Thursday, 28 July 2011

Surviving the strikes

Unless you’ve been living on the dark side of a small sub-planet in the quietest corner of Alpha Centauri, you can’t fail to have heard about Greece’s financial woes and the strikes in response to austerity measures being introduced. But, the country has not ground to a halt and residents and visitors alike can work around any disruption. In this latest of my Athens "Surviving" series, I give a few tips to visitors on how not to let the strikes ruin your stay...

So, you’ve made it to the city that gave birth to democracy more than 2,000 years ago. That in itself is a good start. It means that no air traffic controllers, port workers or other disgruntled group has conspired to prevent your arrival. Welcome!

Looking around, you may be a little surprised. The news headlines have prepared you for a city in uproar, pulsating with protestors and police, and a country crippled by constant strikes. Instead, the scents of souvlaki and jasmine on balconies are stronger than any residual whiff of tear gas. The trains, buses and trams are filled with Athenians on their way to work every morning. Folk in shops still smile and are as hospitable as ever.

Greek society has not imploded. Life goes on.

Industrial action and noisy protests have featured strongly on Greece’s political stage for months now. But strikes – be they for a few hours, a few days, or even weeks – have always been part of the way of life here. They’re as Greek as ouzo and summer sunshine. Even before the threat of radical changes and austerity measures in a bid to solve the country’s financial woes stirred up discontent, stoppages and downtown demos were a regular feature of city life.

Locals take it all in their stride, and use their wits to make a mere inconvenience from what some might consider a disaster. So, here are some tips on how to minimise the impact of any strikes during your visit.

Stay informed
A little bit of knowledge can save a whole day of heartache. Most strikes are announced in advance. In addition to TV and radio news, many Athenians rely on Greek-language websites like for regular updates, and reliable English information can also be found online. Check out or the English pages of Greek daily newspapers like
If you are staying at a hotel, just ask the front desk staff about any strikes that might disrupt your plans.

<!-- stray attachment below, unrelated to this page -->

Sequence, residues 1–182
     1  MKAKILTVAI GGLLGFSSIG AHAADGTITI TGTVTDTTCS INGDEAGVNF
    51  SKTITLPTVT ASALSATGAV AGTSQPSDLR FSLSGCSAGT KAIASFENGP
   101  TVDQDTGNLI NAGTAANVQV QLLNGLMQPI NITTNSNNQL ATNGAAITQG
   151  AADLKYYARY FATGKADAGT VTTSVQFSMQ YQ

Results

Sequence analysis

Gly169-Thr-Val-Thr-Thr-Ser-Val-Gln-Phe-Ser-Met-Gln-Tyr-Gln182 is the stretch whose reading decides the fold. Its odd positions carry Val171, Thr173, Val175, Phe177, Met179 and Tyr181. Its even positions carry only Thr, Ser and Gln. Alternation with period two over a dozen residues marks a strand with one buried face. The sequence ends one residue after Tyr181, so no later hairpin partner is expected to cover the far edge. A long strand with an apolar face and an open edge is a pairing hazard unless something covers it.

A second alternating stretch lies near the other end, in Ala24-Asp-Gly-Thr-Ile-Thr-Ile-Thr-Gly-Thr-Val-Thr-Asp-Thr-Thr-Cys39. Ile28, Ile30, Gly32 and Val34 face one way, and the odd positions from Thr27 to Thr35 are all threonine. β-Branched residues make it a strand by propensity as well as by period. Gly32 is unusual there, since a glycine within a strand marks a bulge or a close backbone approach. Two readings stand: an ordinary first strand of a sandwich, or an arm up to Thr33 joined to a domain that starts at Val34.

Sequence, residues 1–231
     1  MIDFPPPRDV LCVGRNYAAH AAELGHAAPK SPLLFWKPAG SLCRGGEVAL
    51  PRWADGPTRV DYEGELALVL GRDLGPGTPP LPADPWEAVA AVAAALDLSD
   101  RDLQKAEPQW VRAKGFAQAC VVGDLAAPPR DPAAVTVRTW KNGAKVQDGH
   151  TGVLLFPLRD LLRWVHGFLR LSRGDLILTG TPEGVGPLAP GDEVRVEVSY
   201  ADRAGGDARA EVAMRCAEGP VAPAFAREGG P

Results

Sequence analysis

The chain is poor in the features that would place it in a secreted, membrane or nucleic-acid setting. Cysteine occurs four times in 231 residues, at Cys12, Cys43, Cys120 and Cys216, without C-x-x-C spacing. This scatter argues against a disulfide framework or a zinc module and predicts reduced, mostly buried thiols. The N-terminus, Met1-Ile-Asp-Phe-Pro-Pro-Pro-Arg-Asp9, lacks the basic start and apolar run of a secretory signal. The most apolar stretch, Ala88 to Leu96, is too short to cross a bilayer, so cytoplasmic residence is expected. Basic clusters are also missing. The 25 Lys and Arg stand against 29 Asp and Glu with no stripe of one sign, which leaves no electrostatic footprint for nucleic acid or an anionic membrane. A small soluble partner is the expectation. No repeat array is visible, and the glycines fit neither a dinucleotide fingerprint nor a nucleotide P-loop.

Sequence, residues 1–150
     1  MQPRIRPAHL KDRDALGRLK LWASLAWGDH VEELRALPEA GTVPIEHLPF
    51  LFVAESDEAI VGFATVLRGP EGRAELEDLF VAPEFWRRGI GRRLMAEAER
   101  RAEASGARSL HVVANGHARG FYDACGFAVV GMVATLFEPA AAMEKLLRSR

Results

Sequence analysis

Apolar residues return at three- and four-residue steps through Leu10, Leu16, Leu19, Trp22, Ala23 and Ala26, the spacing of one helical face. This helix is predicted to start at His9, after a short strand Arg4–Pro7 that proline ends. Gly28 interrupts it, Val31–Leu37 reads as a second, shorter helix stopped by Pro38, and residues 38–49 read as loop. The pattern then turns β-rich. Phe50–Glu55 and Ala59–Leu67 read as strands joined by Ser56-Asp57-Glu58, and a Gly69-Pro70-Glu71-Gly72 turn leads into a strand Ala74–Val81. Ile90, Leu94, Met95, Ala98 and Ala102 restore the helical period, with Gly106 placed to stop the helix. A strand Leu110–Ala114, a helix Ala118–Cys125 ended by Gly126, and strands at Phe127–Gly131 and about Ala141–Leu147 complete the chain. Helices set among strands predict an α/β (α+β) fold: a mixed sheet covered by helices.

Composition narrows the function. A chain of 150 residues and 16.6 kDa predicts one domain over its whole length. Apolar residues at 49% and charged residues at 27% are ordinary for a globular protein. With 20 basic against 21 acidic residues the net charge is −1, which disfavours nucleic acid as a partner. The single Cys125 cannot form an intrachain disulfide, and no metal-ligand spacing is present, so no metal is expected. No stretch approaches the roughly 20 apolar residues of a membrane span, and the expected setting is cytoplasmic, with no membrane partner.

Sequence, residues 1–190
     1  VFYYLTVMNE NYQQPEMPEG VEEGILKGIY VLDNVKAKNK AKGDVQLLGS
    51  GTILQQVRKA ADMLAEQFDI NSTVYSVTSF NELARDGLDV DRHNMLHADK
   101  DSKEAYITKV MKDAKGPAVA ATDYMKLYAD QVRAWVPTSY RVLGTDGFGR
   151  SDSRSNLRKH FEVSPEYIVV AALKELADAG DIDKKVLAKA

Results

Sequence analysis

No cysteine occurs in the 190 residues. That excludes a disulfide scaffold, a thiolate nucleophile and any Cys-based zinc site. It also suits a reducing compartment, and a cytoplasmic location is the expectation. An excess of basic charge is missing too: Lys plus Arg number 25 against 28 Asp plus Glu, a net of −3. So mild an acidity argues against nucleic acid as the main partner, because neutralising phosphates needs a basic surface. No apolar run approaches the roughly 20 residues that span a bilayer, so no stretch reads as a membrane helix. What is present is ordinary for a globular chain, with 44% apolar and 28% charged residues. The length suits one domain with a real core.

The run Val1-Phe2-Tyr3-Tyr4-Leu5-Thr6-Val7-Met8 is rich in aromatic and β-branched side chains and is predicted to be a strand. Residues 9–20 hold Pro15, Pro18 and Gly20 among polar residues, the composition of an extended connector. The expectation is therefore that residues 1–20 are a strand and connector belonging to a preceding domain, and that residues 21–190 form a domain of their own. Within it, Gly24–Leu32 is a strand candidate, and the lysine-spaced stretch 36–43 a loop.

Avoid hot spots
The angry riots that have filled the world’s TV screens are the exception, not the rule, and are generally limited to a few key ignition points. The whole city is not in turmoil when BBC or CNN show protesters hurling stones and street furniture at riot police lined up in front of parliament. Just a few blocks away, it’s business as usual with people serenely sipping coffee and reading the paper in street cafes.
The main hot spot to avoid when outrage is in the air is Syntagma Square - the front yard of Greece’s Parliament, and where the ‘Indignados of Athens’ have gathered in mostly peaceful protest since late May. It has also been the scene of occasional clashes with police when a small minority gets physical.
Staff at your hotel should be able to give you an idea of what areas to avoid.

Plan B
Flexibility is key. When a strike scuppers your plans, consider the alternatives.
If you turn up at the Metro station to find the shutters rolled down, think about taking the bus or tram instead, as it is rare for the entire public transport network to be closed at the same time. The Athens Urban Transport Organisation (OASA) website – – has information in Greek and English.
If you do find yourself stuck in the centre, take to the streets. Athens is a city best seen by foot, and has a myriad of cafes and snack bars when you can stop to quench your thirst and consult your map. A day exploring the small back streets can reveal some delights that you would never discover on a planned tour.
If you arrive at Piraeus eager to board your ferry for a day on one of the islands in the Saronic Gulf, only to find they’re not operating, don’t despair. Just hop onto a tram heading along the coast road. You’ll get a stately ride in a classily-designed air-conditioned carriage, with charming views of Athens’ seaside suburbs, and you’re bound to find a beach worthy of your towel along the way.

But if you’re an adrenaline junkie who’s been lured to Athens by the scent of danger, just head for the nearest protest and start loudly expressing your views about lazy Greeks who want to carry on riding the gravy train at Europe’s expense.

That’s one sure-fire way to experience Greek passion first hand.

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